Reports of forced sterilization of Native American women began to surface in the 1970s. A Government Accountability Office (GAO) study, involving Albuquerque, Phoenix, Oklahoma City, and Aberdeen, South Dakota, found that between 1973 and 1976 IHS facilities sterilized 3,406 Native American women. Of these, 3,001 involved women of childbearing age (between fifteen and forty-four).  Of the 100,000 to 150,000 Native American women of childbearing age, 3,400 to 70,000 of these women were involuntarily sterilized through tubal ligation or hysterectomy.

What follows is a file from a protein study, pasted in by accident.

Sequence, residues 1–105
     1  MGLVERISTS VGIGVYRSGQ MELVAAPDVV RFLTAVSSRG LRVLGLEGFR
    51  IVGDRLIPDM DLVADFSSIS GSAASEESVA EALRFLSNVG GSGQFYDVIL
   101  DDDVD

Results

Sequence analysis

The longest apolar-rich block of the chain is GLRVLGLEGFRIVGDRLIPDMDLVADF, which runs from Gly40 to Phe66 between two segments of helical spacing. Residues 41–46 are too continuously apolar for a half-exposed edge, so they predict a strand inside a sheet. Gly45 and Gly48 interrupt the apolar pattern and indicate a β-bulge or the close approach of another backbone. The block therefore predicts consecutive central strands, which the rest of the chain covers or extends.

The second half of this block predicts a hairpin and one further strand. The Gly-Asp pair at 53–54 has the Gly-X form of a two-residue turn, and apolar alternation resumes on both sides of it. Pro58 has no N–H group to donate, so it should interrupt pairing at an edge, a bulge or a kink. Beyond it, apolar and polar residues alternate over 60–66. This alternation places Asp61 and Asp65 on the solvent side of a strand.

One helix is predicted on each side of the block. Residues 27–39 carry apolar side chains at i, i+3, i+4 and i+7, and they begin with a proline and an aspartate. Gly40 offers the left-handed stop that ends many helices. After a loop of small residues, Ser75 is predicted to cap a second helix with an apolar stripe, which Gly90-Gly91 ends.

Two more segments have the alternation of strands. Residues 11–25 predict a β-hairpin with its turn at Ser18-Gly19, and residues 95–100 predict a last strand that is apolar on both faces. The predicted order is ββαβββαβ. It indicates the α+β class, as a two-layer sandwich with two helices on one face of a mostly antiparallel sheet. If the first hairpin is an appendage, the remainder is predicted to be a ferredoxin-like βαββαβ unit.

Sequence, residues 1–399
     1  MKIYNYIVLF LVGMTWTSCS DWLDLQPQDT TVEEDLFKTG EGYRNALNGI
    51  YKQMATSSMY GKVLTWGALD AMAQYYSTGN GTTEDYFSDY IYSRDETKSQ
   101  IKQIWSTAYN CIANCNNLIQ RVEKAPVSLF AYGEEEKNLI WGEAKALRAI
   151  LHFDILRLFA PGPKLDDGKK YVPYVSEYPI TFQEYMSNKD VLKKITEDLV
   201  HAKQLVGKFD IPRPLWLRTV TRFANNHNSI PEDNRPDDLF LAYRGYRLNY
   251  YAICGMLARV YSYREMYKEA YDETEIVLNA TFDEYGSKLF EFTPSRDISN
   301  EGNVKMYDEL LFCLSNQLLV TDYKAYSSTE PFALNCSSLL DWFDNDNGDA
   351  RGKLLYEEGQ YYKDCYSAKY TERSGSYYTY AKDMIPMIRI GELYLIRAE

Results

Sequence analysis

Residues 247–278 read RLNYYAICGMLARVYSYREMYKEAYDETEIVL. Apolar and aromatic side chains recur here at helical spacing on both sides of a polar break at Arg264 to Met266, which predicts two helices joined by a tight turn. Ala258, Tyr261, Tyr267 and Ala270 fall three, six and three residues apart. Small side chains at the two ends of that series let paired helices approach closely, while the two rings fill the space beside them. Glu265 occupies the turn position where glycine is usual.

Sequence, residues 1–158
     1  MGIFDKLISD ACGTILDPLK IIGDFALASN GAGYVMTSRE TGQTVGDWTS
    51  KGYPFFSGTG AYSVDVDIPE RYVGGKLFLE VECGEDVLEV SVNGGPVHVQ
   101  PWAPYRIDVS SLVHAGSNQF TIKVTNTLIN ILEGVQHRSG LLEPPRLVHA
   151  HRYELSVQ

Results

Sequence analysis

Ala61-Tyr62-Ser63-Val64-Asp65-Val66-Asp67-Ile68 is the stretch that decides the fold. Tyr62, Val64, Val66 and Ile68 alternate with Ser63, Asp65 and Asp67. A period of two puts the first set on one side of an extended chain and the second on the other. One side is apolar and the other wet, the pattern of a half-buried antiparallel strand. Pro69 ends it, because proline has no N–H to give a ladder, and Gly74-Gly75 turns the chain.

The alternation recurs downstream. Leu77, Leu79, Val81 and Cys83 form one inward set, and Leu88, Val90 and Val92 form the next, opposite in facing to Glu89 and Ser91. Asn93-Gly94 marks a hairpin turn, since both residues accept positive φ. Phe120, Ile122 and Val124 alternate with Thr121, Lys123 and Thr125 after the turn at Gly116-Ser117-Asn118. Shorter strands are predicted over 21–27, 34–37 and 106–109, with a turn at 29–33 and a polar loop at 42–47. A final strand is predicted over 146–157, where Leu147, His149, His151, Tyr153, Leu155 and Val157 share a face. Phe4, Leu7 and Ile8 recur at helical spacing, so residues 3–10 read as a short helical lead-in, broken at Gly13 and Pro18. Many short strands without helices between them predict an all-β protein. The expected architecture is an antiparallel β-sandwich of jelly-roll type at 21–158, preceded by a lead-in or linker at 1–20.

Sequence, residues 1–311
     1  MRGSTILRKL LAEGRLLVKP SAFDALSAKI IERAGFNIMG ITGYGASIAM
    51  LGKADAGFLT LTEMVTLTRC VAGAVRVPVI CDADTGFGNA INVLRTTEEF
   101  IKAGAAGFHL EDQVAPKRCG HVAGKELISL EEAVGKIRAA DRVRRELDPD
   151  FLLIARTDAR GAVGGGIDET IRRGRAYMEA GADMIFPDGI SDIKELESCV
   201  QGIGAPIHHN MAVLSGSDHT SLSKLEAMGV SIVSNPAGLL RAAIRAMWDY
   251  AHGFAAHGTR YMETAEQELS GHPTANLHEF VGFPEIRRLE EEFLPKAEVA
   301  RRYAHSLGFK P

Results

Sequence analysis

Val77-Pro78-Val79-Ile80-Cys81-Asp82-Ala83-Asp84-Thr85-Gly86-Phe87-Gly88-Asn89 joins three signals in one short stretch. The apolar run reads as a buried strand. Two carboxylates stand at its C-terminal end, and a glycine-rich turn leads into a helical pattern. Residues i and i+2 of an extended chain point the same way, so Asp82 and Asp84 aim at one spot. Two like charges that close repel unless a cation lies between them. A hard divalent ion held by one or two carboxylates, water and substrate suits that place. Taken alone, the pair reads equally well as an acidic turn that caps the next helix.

During the investigation, it came to light that female children in boarding schools had also been sterilized.  In some cases, they recall having their tonsils and appendix removed at which time there were sterilized without their consent or knowledge. Many who were no grown, could not conceive, sought out a doctor to explain why or treat their infertility, only to find hey had their tubes tied already.  And they only operation they could remember having was at the boarding school.  Many adult females were not given a choice to refuse or accept to undergo the sterilization procedure as they were manipulated into thinking that they would risk losing their welfare aid or even their lives should they refuse to undergo a sterilization procedure. However, the procedure was most often done under the pretense of a checkup or abortion, and most of the victims didn't know they were sterilized until years afterwards.